Boardroom tussles may end up in the Fair Work Commission

07 June 2017

Vigorous Board-level exchanges are part and parcel of the corporate environment, but a landmark decision of the Fair Work Commission indicates these Boardroom tussles may now result in anti-bullying orders.

The Fair Work Commission has found that Company Directors are “Workers” for the purpose of anti-bullying laws under the Fair Work Act 2009 (Cth) (FW Act), and can now apply for stop bullying orders, including around the boardroom table (Trevor Yawirki Adamson [2017] FWC 1976).

What happened?

Mr Trevor Adamson, then Chair of the Board of Anangu Pitjantjatjara Yankunytjatjara Inc (APY Inc), applied for a stop bullying order under the FW Act (Application).

Adamson alleged that the General Manager and Deputy Chair of the Board had engaged in a range of bullying conduct against him including, refusing to deal with him, interfering with his conduct of meetings, preventing the exercise of his powers, orchestrating events to prevent a quorum, withholding access to minutes and defamation.

It was contended by the Respondents that Adamson was not a “worker” within the meaning of the FW Act and was not eligible to bring the Application.

Who is a ‘worker’?

Directors have not traditionally been considered “workers”, however the definition of “worker” under the anti-bullying laws is a broad one, imported from the Work Health and Safety Act
2011 (Cth) (WHS Act).

The rationale behind this broader definition of “worker” is to ensure health and safety protections (and now anti-bullying protections) extend to all kinds of workers, not merely employees, and to capture the “changing nature of working relationships”.

In this case, the Fair Work Commission found that in determining whether Adamson was a “worker” under the WHS Act, the essential question was whether he, as Chair, was a person “carrying out work in any capacity” for APY Inc. The Fair Work Commission found that the proper interpretation of “worker” did include activities undertaken by Directors and Board members.

Establishing a ‘stop bullying order’ under the FW Act generally

The anti-bullying regime is designed to “establish a mechanism by which the bullying of workers at work may be stopped”.

The Fair Work Commission confirmed that (once satisfied that the Applicant is a “worker”) there are two prerequisites that must be satisfied before a stop-bullying order can be made:

  1. the worker has been bullied at work by an individual or a group of individuals; and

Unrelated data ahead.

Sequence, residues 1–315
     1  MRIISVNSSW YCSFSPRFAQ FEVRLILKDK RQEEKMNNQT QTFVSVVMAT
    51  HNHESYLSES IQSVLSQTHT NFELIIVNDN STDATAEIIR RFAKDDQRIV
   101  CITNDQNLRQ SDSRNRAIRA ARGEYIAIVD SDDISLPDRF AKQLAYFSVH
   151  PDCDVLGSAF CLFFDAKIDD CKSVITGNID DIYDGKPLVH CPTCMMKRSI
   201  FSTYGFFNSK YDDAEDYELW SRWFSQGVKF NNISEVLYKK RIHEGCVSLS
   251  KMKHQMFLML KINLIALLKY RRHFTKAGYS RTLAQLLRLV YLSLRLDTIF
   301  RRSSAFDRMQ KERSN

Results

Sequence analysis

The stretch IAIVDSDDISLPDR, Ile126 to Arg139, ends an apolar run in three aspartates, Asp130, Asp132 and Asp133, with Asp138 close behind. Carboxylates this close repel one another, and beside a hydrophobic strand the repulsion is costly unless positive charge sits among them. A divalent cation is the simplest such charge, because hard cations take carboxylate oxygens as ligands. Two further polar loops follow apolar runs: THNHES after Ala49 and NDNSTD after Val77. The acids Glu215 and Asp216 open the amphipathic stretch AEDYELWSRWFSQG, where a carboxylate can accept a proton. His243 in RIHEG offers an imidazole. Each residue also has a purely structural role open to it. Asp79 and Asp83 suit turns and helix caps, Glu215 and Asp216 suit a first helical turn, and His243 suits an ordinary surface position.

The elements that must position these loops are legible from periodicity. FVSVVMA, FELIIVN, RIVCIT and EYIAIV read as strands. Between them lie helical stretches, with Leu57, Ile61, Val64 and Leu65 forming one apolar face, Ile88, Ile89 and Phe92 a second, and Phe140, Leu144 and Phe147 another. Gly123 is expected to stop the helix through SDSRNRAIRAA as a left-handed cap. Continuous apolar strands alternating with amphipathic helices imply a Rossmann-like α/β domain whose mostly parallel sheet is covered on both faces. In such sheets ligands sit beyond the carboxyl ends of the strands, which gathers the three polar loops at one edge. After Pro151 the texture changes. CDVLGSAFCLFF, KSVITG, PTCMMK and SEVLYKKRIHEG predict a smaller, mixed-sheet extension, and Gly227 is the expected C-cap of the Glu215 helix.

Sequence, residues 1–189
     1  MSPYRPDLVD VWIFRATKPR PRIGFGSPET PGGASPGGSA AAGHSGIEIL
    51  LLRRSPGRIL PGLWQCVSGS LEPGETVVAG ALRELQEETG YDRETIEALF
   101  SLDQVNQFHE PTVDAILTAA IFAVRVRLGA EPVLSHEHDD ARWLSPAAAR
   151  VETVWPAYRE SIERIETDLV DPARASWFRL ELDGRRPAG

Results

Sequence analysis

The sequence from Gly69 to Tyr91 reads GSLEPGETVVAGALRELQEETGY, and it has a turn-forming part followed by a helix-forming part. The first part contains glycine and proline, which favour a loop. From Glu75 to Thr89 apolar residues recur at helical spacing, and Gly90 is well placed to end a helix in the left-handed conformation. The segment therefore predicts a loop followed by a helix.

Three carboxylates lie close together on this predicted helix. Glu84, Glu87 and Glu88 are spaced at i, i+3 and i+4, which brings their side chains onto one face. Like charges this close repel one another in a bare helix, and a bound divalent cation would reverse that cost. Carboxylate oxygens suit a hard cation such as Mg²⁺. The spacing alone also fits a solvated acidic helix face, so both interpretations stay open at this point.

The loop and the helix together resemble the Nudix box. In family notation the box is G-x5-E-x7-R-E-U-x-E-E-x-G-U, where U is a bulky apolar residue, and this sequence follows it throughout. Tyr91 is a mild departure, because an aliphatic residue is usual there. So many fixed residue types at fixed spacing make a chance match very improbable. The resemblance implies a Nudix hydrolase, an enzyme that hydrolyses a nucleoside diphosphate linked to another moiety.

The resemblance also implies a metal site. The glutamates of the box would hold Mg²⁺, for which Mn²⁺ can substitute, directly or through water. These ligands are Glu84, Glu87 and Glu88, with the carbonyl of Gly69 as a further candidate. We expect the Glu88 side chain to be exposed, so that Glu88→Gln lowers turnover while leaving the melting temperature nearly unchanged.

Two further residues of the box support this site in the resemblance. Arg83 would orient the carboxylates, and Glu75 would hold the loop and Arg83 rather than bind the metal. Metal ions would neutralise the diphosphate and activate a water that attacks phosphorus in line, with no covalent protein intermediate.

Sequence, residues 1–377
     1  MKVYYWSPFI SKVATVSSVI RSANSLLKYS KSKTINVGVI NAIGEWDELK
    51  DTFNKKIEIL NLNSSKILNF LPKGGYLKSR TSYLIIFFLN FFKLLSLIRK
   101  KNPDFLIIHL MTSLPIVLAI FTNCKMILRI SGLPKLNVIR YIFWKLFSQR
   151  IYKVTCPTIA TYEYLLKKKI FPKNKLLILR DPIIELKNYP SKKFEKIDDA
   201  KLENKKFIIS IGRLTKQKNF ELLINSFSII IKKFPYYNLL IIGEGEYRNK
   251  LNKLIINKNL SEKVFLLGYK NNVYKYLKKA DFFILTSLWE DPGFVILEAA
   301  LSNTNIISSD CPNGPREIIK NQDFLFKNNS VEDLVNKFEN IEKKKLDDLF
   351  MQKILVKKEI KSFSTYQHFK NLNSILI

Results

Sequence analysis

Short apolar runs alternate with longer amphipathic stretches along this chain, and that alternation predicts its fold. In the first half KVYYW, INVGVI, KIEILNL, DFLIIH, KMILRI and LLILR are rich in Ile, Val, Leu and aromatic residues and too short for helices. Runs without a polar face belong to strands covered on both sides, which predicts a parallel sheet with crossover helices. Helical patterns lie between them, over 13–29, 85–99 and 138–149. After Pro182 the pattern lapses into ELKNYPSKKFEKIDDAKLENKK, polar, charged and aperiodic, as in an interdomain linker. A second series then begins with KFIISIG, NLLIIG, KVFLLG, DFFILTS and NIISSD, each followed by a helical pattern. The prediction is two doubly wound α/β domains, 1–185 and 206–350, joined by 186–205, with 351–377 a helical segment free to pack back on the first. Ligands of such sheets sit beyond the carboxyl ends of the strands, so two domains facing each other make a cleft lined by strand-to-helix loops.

2. there is a risk that the applicant worker will continue to be bullied at work by the individual or group concerned.

Ultimately, the Application was unsuccessful. Mr Adamson failed to be re-elected to the Board and as a result, Commissioner Hampton determined that there was no future risk the bullying would continue.

What does it mean?

Generally, behaviour which may constitute bullying includes repeated, unreasonable behaviours that create a risk to health and safety. Such behaviour could include victimising, humiliating, threatening or intimidating a person.

This framework poses additional risks at Board level, where disagreement and decision making all lead to a greater risk of conduct (either of an individual Board member or group) being perceived as bullying behaviour.

In addition to the obvious reputational issues of an anti-bullying application at Board-level, other governance risks may also arise.

It is not difficult to imagine the impact of an anti-bullying application on the ability of a Board to function effectively. This is particularly the case where relations may have deteriorated to an extent that the anti-bullying application is used as a collateral tool to achieve a desired outcome (for example, removal of certain Board members).

Further, orders open to the Fair Work Commission may include directives as to how, when and in what manner Board members may communicate, with obvious consequences for Board operations.

Good governance policies and procedures, together with an adequate understanding of the scope and operation of workplace laws are essential for all Board members to minimise risks.

Specific guidelines for the conduct of meetings may also play a role in minimising the risks of an application for a stop-bullying order.

This article was written by Sarah Sealy, Partner and Frances Spry, Solicitor.

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